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UNITARY PATENT

In 2012 Member States and the European Parliament agreed on the "patent package" - a legislative initiative consisting of two...

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Why the Scramble to buy Mobile Phone Patents?

Oracle started a patent war in August 2010 by suing Google for up to $6.1 billion, claiming Google's Android platform infringes Oracle's Java patents. Now Apple is suing HTC, Samsung and Motorola, all makers of Android phones, and Microsoft is suing Motorola over its Android line. (Washington Post 9 July 2011).

Google CEO Larry Page partially justified the $12.5 billion price for Motorola Mobility based on the defensive value of its patents. "Motorola has a strong patent portfolio, which will help protect Android from anti-competitive threats from Microsoft, Apple and other companies," he said on 15 August when the acquisition was announced. Since then much has been said and written about the other benefits in having a hardware division with, perhaps, unique access to future releases of Android code (and much has also been written about the threat this may pose to Google's Android partners like Samsung and HTC).

Meanwhile, outsourced monetarization of patents is becoming more widespread.

This is not new. Since 2001, BT has engaged IPVALUE Management in the commercialization of its patent portfolio. The parties claim to have concluded many agreements resulting in significant revenues for BT, citing as an example the assignment of certain GSM-related patents to Samsung Electronics. BT claims to have built up a portfolio of over 4,000 patents granted worldwide, with a further 3,000 applications pending and on 3 August this year, BT announced the sale of a portfolio of 400 patent "assets" to Luxembourg company Patentportfolio 2 S.a r.l.

On 1 September this year, MOSAID, a Canadian patent licensing company announced it is acquiring 2,000 of Nokia's patents, not for cash, but in exchange for one third of future revenue. Mosaid has filed patent suits in the past against Dell, HTC, Sony Ericsson, Research In Motion, Huawei Technologies, Wistron, Asus Computer, Lexmark, Canon and Intel, among others (noted by The Next Web). MOSAID will split licensing revenues with Nokia and Microsoft. According to MOSAID, it has aquired another Luxembourg company, Core Wireless Licensing, holding a portfolio of 400 patent families including 2,000 wireless patents and patent applications originally filed by Nokia. The patents and patent applications in question "cover technologies used in a wide range of mobile communications devices and services," say MOSAID, including "1,200 patents and applications that have been declared essential to second, third and fourth-generation communications standards." One effect of the MOSAID-Nokia transaction, according to Reuters, is to fend off a hostile bid from WiLan, another patent-licensing company that offered $38 per share to acquire MOSAID just two weeks earlier. (Wi-LAN convinced Nokia in 2006 to part with $15 million in cash and a number of ADSL and other wireline patents in exchange for a licence under patents owned by Wi-LAN.)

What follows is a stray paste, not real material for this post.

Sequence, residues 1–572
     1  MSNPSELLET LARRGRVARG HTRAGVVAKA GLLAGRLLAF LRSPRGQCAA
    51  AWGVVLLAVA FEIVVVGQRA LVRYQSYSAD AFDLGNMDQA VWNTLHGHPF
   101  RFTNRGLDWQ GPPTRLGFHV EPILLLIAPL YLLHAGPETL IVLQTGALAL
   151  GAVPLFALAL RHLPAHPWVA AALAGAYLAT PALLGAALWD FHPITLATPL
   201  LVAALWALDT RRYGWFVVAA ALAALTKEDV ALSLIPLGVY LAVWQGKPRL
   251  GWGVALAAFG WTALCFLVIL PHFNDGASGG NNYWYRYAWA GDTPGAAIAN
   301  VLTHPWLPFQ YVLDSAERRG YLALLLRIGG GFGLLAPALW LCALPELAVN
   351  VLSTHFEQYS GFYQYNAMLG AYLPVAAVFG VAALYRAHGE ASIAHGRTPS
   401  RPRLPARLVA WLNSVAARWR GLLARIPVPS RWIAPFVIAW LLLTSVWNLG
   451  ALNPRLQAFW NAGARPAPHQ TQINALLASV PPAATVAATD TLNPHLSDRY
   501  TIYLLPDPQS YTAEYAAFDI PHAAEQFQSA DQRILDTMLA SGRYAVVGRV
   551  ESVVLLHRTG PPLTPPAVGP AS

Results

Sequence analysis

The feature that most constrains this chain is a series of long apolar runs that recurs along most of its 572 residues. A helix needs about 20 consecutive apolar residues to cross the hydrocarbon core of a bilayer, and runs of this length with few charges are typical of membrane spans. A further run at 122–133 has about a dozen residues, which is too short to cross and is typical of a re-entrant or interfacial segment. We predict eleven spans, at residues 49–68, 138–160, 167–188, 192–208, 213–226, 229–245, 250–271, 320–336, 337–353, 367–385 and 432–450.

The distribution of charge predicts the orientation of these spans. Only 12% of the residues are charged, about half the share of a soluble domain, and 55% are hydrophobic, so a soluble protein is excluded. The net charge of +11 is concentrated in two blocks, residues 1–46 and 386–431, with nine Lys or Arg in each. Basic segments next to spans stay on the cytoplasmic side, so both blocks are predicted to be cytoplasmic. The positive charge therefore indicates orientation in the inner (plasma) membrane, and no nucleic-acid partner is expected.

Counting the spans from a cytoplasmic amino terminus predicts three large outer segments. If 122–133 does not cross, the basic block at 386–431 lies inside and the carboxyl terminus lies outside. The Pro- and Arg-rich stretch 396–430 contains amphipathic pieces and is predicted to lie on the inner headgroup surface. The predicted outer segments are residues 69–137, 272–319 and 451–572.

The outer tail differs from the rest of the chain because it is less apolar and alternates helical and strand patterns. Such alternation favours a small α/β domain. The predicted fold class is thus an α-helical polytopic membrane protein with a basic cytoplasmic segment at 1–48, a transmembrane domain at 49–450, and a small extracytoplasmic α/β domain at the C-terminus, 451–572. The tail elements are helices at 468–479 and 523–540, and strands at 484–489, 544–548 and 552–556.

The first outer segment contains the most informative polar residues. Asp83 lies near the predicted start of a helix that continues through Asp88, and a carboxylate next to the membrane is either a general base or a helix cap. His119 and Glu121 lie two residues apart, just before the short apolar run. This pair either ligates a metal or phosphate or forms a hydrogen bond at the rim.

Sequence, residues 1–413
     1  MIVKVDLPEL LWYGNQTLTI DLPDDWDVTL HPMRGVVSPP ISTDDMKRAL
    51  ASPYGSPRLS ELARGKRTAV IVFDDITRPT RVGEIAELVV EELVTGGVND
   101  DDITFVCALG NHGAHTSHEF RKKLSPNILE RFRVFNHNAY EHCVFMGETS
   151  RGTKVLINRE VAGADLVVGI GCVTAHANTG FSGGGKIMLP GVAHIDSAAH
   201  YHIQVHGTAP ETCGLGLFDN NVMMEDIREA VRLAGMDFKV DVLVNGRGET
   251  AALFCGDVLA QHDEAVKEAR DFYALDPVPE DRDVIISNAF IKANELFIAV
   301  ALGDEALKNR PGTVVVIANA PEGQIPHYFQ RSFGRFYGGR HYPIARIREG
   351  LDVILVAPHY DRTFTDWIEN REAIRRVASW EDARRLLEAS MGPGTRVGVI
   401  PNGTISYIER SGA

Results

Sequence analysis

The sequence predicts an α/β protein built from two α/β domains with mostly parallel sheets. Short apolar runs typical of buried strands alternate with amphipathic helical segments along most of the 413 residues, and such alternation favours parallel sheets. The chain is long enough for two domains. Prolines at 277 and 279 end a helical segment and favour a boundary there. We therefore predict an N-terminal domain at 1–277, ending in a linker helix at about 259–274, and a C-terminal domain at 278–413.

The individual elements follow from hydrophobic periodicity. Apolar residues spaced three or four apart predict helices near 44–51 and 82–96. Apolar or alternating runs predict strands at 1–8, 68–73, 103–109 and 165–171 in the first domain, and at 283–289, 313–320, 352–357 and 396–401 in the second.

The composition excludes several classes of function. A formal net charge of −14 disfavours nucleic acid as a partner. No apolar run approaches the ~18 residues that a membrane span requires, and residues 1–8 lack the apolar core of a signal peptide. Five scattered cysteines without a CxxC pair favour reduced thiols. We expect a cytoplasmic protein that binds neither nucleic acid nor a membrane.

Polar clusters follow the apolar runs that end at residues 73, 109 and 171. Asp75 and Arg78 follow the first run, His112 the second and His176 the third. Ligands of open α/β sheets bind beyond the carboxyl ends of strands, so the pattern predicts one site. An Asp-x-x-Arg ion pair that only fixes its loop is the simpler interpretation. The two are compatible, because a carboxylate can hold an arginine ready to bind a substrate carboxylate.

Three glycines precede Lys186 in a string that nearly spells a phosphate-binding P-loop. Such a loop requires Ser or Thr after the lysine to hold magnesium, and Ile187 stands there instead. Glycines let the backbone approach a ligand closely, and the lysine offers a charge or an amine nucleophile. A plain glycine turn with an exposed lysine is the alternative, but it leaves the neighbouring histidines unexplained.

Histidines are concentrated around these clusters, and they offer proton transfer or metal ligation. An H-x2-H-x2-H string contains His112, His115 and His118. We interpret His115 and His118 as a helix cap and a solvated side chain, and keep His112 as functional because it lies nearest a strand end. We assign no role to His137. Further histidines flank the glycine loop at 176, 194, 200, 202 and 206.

Nokia and Microsoft are partnering to develop a new Windows phone that is competitive against Apple's iPhone and Google's Android. One of the assets Microsoft secured as part deal with Nokia is access Nokia patents, including those covering phone cameras, lenses, hinges and various industrial-design components, Microsoft officials said.

Microsoft say they have a license to the Nokia patents acquired by MOSAID and "a passive economic interest" in the revenue generated from the licensing of those patents to third parties. Says Microsoft's Horacio Gutierrez, Corporate Vice President and Deputy General Counsel, "The marketplace for intellectual property is incredibly dynamic today, and this agreement is an effective way to make these Nokia innovations available to the industry and to unlock the considerable value of this IP portfolio." (Mary Jo Foley, ZDNet, 2 September 2011.)